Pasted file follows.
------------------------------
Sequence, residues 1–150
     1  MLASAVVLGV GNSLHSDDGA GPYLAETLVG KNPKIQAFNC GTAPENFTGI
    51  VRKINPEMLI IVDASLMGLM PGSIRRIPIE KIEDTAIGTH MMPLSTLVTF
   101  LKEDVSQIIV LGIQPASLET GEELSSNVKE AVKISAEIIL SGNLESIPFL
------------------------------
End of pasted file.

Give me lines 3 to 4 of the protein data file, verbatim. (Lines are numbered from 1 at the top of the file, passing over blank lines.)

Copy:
    51  VRKINPEMLI IVDASLMGLM PGSIRRIPIE KIEDTAIGTH MMPLSTLVTF
   101  LKEDVSQIIV LGIQPASLET GEELSSNVKE AVKISAEIIL SGNLESIPFL